Single-molecule techniques (optical and magnetic tweezers) and computer modelling have provided a wealth of information about the mechanochemical properties of chromatin [5,20]. It was found that stretching forces of 4–6 pN cause the unfolding of individual chromatin fibres [21,22] and that higher forces (20–40 pN) produce nucleosome unwrapping and eventually dissociation of core histones [21,23,24]. The force–extension curves corresponding to the unfolding and refolding of the fibres indicated that this process is reversible and allowed the calculation of the energy corresponding to the disruption of the attractive interactions between nucleosomes in folded fibres. The energy required for breaking a single nucleosome–nucleosome interaction is between 3.4 and 14 kBT [21,22] (≈3.6 × 10−20 J considering that kBT = 4.1 × 10−21 J; kB is the Boltzmann constant and T corresponds to the room temperature). These experimental results are compatible with the internucleosome interaction energy obtained in modelling studies of chromatin fibres having different degrees of nucleosome stacking [25–27]. Furthermore, the stretching experiments indicated that the first stage of nucleosome unwrapping is also reversible; the energy required for the unwrapping of the outer DNA turn of a single nucleosome is 9–20 kBT [24,28]. Assuming that chromatin fibres form a zig-zag structure without internucleosome interactions, it was possible to model fibre unfolding considering that the work involved in this transformation corresponds to the partial unwrapping of nucleosomal DNA . The unwrapping of the inner DNA turn is an irreversible process that requires more energy [26,28]; the activation barrier energy for this transformation is 36–38 kBT per nucleosome .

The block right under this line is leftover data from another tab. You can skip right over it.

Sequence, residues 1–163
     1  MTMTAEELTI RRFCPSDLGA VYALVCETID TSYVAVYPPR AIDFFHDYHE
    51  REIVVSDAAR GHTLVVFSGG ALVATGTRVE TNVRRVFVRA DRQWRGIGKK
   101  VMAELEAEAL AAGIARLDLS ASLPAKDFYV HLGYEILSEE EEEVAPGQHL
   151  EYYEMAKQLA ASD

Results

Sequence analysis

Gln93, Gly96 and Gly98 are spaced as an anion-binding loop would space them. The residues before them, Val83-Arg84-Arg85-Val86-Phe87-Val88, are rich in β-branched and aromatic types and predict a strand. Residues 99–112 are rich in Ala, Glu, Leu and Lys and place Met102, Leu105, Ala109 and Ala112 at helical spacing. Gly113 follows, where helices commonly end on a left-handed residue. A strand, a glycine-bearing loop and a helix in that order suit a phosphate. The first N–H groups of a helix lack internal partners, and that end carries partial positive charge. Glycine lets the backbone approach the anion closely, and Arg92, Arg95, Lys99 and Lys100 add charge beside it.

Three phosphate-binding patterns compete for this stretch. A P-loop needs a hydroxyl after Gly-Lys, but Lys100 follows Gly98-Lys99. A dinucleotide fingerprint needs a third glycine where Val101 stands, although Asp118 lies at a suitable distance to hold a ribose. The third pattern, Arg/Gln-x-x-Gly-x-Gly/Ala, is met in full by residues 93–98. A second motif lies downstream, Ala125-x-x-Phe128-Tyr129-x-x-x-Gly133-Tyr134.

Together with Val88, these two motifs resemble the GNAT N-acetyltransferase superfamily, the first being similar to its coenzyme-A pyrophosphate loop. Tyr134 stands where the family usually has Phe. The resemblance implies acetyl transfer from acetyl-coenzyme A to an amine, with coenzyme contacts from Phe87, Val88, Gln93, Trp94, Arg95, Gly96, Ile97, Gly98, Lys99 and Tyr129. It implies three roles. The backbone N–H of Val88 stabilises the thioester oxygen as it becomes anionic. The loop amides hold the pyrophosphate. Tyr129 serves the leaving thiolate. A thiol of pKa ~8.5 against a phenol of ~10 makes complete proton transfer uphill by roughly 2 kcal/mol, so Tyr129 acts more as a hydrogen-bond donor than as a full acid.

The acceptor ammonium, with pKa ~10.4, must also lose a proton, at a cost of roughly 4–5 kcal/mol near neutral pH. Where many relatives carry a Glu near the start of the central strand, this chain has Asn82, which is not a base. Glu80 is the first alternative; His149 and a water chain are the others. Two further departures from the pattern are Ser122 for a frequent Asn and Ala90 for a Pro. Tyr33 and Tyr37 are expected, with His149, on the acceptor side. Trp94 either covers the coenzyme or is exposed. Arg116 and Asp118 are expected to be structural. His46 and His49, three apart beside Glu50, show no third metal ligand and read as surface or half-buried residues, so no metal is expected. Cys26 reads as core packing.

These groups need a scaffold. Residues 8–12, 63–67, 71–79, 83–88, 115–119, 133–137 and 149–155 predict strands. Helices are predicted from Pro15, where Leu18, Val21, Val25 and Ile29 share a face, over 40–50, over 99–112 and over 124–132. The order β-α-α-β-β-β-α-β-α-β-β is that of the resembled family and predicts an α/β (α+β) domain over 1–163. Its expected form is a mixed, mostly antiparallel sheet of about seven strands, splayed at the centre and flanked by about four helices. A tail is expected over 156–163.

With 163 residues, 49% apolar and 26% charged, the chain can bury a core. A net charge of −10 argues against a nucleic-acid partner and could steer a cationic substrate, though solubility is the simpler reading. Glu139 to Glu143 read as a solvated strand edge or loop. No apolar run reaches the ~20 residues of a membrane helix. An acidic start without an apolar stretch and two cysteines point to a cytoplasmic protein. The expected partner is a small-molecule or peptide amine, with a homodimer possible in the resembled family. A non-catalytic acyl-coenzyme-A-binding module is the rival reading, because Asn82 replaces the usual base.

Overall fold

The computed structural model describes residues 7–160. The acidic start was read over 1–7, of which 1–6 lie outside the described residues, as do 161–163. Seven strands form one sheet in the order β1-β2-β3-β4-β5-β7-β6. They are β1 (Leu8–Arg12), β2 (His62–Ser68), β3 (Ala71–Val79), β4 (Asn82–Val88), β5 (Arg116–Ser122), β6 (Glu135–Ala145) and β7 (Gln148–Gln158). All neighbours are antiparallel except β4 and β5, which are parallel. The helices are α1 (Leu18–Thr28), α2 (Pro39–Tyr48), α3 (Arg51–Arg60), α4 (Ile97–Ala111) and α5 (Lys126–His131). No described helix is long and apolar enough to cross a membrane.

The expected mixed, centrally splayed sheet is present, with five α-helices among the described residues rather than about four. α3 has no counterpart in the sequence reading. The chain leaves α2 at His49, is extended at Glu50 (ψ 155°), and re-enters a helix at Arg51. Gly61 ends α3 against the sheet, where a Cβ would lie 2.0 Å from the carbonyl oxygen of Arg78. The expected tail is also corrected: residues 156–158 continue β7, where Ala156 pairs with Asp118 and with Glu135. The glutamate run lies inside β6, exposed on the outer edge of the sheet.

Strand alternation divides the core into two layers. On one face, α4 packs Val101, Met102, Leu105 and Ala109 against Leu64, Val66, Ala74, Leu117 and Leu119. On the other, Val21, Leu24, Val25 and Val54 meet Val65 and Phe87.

Other laboratories have studied the micromechanical properties of mitotic chromosomes using microneedles and micropipette manipulation [30–34]. Individual chromosomes showed a linear elastic response for stretching forces up to approximately 5 nN, corresponding to a fivefold extension. Higher forces were needed to obtain longer extensions, which were accompanied by an irreversible plastic deformation of chromosomes. In the stretching experiments, chromosomes showed a viscoelastic behaviour corresponding to an internal viscosity that is approximately 105 times the viscosity of water . The Young elastic modulus obtained from force–extension curves in the elastic region for chromosomes of different species is 0.2–1 kPa. Equivalent values were obtained for the Young modulus calculated from the bending rigidity measured experimentally for different metaphase chromosomes . These results indicated that chromosomes are equivalent to isotropic elastic rods and that their internal structure, which is responsible for the observed stretching and bending elastic properties, is homogeneous across the entire chromatid cross section. Taking into account the low elastic stiffness observed for chromosomes, they have to be considered as very soft structures. Nevertheless, chromosomes have outstanding mechanical properties [31,32]. Chromosomes recover their initial shape and dimensions after repeated extension–relaxation cycles in the reversible elastic region of the stretching experiments, and they can be extended up to 80 times their native length without suffering breakage.